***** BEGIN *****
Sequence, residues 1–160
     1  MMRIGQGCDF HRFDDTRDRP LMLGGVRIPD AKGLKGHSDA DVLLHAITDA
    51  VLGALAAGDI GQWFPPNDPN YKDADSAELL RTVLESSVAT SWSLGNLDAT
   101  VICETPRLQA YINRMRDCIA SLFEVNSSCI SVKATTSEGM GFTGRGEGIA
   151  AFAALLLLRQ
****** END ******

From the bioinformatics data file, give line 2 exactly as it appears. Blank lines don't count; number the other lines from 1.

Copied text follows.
     1  MMRIGQGCDF HRFDDTRDRP LMLGGVRIPD AKGLKGHSDA DVLLHAITDA